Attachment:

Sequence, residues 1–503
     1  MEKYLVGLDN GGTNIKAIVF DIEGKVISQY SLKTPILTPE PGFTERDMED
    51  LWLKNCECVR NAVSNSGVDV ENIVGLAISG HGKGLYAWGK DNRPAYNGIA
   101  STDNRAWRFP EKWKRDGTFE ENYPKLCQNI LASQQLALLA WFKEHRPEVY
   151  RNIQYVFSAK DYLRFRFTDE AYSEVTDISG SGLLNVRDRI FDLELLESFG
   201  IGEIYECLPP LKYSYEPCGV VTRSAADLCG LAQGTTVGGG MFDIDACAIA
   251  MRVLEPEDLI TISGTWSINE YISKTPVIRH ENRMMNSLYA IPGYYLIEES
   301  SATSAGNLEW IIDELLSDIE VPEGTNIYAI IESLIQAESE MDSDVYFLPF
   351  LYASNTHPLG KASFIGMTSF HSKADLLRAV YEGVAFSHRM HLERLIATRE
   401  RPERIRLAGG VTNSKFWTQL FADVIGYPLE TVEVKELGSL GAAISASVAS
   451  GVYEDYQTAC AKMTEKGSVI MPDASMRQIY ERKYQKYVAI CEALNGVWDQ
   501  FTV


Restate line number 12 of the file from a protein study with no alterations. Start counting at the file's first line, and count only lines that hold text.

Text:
   501  FTV